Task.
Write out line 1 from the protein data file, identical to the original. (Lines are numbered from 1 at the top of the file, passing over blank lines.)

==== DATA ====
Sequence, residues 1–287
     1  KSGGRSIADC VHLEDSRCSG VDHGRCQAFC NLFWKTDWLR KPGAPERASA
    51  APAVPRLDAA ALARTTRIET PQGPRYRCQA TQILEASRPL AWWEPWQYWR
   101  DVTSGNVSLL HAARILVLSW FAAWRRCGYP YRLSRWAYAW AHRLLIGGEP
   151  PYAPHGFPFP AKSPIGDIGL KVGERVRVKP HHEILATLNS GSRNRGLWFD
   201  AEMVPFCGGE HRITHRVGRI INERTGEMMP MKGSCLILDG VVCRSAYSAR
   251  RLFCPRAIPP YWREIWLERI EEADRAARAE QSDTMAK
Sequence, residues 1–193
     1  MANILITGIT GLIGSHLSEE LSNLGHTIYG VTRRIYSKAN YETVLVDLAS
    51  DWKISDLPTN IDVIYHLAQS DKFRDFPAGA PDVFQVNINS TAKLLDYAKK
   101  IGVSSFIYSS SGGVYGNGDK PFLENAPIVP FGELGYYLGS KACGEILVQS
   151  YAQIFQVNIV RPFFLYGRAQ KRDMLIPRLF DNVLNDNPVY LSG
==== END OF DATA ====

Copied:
Sequence, residues 1–287